Friday, September 19, 2008

Rakesh Jhunjhunwala Positive On the Markets

Since a number of days now, I have been talking of a target of 3800 on the Nifty. This morning because of the global weakness the Nifty opened weak and touched that target of 3800. In fact, so close was the prediction that today’s low on the Nifty happened to be 3799.55. And once the target was achieved, the Nifty started moving up. The move up was steady and consistent and so good was the recovery that the Nifty finally managed to close near the highs of the day with a gain of 30 points. The high made today was 4050.10, which means an intraday recovery of 250.55 points. Such a good day changes the outlook totally. Crude, as of now, is trading flat near $96 while gold, after a stunning $70 rise yesterday is up again by $46 or 6%.

Nifty Daily Chart - Hammer Today and Long lower shadows suggest bullishness

Seen above is the daily chart of the Nifty. Three days out of the last four have displayed candles with long lower shadows, as marked by the green arrows. Two of these candles have very small bodies and, in comparison, very long lower shadows. Today’s candle, in candlestick charting parlance, is also called a hammer. And it is named a hammer not only because it looks like one but also because such candles are found near the end of a downtrend and it is said that such candles are ‘hammering out a base’. Options outlet says the following about a hammer.

Hammer According to Options Outlet

So, is this the end of the bear market? Well, we can’t say for sure. The prices have started ‘hammering out a base’, inflation has stabilized, crude prices have softened and India does not seem to be having too much of an impact of the credit crisis in the US. Who knows, this may be the end of the bear market. But hey, look at the world around you. There is so much of pessimism around. Surely, India cannot remain insulated from the problems in the rest of the world. Hmm, maybe it cannot. Or maybe it can. But as far as pessimism around the world is concerned, I would again like to point out what Sir John Templeton said. He said that “Bull markets are born on pessimism, grow on skepticism, mature on optimism, and die on euphoria.”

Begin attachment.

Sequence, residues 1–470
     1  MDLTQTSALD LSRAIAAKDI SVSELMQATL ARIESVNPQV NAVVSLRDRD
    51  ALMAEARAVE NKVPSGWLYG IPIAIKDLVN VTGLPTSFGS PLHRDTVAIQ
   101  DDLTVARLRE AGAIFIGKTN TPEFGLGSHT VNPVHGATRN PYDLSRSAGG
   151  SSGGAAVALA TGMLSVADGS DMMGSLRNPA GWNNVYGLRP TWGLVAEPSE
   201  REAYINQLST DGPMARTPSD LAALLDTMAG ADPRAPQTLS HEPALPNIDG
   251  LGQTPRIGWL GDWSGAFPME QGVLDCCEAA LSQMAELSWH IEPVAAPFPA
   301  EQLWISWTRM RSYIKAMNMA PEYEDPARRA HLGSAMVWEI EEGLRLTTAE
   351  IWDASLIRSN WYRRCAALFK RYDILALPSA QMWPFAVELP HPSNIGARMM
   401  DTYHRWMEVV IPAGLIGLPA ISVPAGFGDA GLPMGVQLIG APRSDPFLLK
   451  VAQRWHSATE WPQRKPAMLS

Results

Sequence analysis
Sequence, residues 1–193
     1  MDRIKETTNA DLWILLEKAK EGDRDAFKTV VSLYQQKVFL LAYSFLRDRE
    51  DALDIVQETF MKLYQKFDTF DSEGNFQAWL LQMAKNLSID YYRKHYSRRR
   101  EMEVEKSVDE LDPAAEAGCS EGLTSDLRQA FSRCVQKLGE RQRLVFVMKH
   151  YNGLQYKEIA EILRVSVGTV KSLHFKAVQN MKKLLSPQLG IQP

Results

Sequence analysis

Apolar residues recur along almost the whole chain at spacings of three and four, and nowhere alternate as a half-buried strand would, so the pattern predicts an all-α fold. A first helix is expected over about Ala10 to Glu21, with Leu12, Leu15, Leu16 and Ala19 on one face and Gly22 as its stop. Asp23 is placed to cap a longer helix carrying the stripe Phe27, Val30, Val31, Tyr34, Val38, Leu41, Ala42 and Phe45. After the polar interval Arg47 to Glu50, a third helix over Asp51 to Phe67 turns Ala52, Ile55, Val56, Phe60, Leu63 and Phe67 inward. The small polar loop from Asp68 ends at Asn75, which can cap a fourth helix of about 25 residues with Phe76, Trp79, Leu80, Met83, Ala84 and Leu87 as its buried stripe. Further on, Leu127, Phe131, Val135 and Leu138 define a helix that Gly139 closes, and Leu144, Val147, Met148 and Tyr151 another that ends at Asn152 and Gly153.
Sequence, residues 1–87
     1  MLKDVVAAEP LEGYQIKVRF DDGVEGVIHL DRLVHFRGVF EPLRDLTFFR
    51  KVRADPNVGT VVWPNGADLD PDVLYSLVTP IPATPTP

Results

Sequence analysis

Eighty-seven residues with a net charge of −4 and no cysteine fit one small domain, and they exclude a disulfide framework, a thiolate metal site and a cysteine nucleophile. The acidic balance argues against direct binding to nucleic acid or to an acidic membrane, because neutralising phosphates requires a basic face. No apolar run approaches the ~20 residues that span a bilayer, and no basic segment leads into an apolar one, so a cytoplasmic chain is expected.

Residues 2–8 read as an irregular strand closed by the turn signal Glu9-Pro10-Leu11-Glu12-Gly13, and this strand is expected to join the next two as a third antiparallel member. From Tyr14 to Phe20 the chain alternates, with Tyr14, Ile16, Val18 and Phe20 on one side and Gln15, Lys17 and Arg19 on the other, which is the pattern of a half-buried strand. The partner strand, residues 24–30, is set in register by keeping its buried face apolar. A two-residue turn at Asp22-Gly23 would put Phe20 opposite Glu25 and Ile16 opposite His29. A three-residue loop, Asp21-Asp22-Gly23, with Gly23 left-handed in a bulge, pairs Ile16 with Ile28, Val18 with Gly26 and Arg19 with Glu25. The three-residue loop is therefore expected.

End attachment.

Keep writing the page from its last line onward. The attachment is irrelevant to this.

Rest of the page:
Rakesh Jhunjhunwala, according to Moneycontrol says that India is still in a long term bull market and that the current phase is only an interruption to that bull market. His logic is simple. That had we seen the market rise from 3000 to 13000 and then come down to 11000, it would have been termed as a correction. Now when we have seen so much of greed and so many excesses that the markets went to 22000 and then came down to 13000 then why are we not calling this phase a correction too? Shireen Bhan, in that context, in conversation with him mentioned that we have recently seen ‘the mother of all bull markets’ to which Rakesh Jhunjhunwala immediately disagreed and said the ‘the mother of all bull markets’ was yet to come. This conversation with Rakesh Jhunjhunwala will be telecast on CNBC this Saturday at 7:30 pm or Sunday at 10:30 pm. Watch it.

Shankar Sharma of First Global, though,
remains a bear and says that the Sensex may not be able to reconquer its previous highs for the next 2-3 years and that it may come down to 10000-11000 levels.

But Vikas, where does that leave us? Do we remain bullish or bearish? Well, I have given you both sides of the market. You decide for yourself what you want to be. I, personally, am not too bearish on the markets, especially after seeing the candles formed in the last four days.

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